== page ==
The silence of the sister
March 8, 2021 (LifeSiteNews) – Now that Cardinal Joseph Tobin has been appointed by Pope Francis to the Vatican's Congregation for Bishops, journalist Phil Lawler has reminded us all that this is the churchman who several years ago inadvertently made public via Twitter a message that was clearly intended to be private and destined for just one recipient. The Cardinal tweeted the words, “Nighty-night, baby. I love you.” And when the diffusion of this tweet on the internet provoked widespread concern and indignation among Catholics, His Eminence hastened to assure everyone that this affectionate and intimate message was innocently directed to his sister.
Now, the strategic importance of the Congregation for Bishops can hardly be overestimated. When Pope Clement VIII was elected in 1592, one of his first acts was to ask his learned and holy Jesuit friend Cardinal Robert Bellarmine – subsequently declared a Saint and Doctor of the Church – for advice about what his priorities should be as pope. Even though Bellarmine was known for his scholarly exposition of the magisterial authority and infallibility of the Successors of Peter, he did not mention this teaching office in his response to the new pope. Rather, he answered bluntly to the effect that in his view the most important duty of the Roman Pontiff is to appoint the right men as bishops. For unless the Church's health is nurtured at grass-roots level through the sound teaching, discipline, and pastoral care of good and wise bishops, even the most excellent doctrinal teaching coming from Peter's Successor will have only a limited effect.
The nomination of Cardinal Tobin as one of the pope’s key advisErs in this fundamentally important task thus brings back to the “front burner” the notorious tweet mentioned above. For at a time when the McCarrick case has been a catalyst for raising many questions about seeming cover-ups of moral decadence in the higher echelons of ecclesiastical power, including the Vatican, there is a renewed demand throughout the Church for transparency in action, not just verbal assurances thereof. None of Cardinal Tobin's brothers in the U.S. episcopate has called him out – at least, not publicly – over this tweet and its seeming implications. So it appears that in general they are prepared to give him the benefit of the doubt and accept his benign explanation of the eyebrow-raising tweet.
Now, while this may appear to be the most charitable course of action – assuming a fellow bishop's innocence and professed purity unless and until the contrary is proven – it is also true that we have seen far too many examples in recent decades of Church leaders turning a blind eye to grave abuses that need serious investigation, while appealing to charity and justice as an excuse for their inaction. Keeping in mind that context, as well as the high importance of Cardinal Tobin's new position, we should perhaps examine a little more closely his explanation of the Twitter message in question.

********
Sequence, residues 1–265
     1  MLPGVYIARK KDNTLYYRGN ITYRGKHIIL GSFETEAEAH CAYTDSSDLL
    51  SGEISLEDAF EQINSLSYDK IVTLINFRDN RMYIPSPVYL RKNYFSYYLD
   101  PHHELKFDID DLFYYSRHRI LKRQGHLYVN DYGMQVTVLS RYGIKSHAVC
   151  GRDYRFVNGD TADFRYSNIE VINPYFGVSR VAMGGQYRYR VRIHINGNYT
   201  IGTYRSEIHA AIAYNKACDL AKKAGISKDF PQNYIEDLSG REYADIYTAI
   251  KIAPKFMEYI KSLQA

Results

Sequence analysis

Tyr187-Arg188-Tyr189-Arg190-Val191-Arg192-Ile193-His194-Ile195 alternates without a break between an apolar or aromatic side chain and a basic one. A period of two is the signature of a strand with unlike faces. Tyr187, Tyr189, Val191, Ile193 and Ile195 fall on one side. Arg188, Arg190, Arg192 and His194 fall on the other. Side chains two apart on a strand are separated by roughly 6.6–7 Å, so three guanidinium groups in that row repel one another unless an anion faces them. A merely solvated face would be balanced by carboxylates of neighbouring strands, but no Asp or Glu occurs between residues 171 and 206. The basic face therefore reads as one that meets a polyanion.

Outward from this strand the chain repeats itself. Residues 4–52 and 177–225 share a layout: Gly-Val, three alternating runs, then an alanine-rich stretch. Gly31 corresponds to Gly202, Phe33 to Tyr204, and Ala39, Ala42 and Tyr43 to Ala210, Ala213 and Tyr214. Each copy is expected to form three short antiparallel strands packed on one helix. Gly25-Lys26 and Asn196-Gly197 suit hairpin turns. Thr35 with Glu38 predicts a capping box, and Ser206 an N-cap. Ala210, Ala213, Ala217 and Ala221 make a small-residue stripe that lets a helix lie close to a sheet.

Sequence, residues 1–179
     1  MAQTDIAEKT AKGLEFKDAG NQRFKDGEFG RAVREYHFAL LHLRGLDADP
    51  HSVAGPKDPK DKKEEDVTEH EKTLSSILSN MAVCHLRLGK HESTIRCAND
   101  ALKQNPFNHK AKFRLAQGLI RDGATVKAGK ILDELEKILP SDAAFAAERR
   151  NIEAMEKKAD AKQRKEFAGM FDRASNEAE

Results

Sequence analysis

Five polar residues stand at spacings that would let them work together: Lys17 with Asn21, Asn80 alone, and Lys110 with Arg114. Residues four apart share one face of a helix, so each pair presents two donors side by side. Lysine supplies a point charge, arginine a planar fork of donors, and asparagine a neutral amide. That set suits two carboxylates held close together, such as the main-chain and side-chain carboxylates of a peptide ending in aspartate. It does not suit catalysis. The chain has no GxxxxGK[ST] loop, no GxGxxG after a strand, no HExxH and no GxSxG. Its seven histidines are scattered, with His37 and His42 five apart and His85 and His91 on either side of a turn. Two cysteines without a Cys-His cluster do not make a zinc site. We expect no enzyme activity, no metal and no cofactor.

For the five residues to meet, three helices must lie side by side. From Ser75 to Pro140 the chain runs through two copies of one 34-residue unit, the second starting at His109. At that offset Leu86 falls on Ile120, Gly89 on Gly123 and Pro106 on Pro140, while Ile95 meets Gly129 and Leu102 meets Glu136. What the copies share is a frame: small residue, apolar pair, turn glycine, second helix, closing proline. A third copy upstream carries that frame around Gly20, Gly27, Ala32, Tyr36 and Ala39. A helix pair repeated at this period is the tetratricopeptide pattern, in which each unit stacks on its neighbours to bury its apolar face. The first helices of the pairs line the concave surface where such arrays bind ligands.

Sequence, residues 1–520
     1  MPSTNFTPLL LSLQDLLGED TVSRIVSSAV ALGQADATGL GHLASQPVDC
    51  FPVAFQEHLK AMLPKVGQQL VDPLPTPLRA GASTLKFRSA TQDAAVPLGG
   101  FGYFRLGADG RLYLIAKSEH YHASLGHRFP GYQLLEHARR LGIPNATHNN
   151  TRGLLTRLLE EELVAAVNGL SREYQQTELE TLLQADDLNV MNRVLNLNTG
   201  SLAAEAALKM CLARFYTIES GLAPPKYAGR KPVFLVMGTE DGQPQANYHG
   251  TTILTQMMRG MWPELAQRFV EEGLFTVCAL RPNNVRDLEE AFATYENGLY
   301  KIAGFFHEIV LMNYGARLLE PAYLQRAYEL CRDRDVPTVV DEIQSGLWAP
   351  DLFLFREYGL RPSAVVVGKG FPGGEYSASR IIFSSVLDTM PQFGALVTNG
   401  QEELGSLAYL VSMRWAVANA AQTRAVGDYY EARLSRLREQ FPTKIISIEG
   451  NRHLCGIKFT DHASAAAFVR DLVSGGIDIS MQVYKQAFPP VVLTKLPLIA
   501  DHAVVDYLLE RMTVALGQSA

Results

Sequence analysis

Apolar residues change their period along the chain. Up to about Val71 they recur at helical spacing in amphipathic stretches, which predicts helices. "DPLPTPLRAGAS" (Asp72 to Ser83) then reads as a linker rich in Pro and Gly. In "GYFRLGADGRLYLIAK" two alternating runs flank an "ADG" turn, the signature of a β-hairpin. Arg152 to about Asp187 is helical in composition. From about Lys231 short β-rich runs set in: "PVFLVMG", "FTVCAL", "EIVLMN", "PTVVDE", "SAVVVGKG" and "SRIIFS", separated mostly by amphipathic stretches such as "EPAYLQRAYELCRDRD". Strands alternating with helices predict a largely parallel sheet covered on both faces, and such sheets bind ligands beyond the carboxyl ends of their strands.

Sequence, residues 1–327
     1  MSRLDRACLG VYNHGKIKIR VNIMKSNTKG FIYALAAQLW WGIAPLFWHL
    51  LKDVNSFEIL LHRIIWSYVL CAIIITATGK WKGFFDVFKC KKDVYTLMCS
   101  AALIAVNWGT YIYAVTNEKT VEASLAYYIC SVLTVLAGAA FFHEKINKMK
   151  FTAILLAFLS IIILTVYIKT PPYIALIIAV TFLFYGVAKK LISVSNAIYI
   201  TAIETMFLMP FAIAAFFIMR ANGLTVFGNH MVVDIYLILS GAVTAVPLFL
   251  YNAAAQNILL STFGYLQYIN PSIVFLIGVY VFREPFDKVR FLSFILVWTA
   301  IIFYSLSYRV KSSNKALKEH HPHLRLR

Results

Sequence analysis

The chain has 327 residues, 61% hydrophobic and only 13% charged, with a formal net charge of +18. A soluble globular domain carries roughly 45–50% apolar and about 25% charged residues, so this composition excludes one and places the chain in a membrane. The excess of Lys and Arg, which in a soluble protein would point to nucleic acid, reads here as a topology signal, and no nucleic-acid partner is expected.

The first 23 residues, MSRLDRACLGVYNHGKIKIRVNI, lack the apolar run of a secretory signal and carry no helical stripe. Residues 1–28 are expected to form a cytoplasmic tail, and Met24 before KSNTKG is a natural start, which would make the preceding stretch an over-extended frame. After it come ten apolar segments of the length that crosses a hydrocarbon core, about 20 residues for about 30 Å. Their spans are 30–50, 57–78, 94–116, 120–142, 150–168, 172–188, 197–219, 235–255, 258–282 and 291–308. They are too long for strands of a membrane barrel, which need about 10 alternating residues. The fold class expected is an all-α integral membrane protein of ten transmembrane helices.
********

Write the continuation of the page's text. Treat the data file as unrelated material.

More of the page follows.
There is a simple question that arises here that I have never seen raised in any discussion of “Nighty-night, baby.” If His Eminence was telling the truth in saying these words were directed to his sister, why didn't we ever hear from her?
Suppose you were a lady who knew that your highly placed brother – whom you are very fond of and use intimate terms of endearment when keeping in touch – was falsely under attack in the media, smeared by accusations of an impure and sinful relationship that were gravely damaging both to his personal reputation and to the good name of the Church he serves. Wouldn't you spontaneously want to clear his reputation by publicly speaking out to confirm that what he said was true – that your eminent brother had in fact called you that night, and that, yes, he often affectionately calls you “baby” in private? Indeed, wouldn't your silence under those circumstances make you almost an accomplice in this calumny against your beloved brother's virtue, and in the harm it was doing to the Church?
It seems to me, therefore, that the silence of the sister in this situation is very eloquent: it suggests strongly that she knew her brother's explanation of the tweet was not true. We may reasonably hypothesize that she didn't want to throw her brother under the bus by publicly calling him a liar. But neither was she going to tell a lie herself by confirming his story in order to cover up his highly questionable relationship with someone else. So she just kept quiet.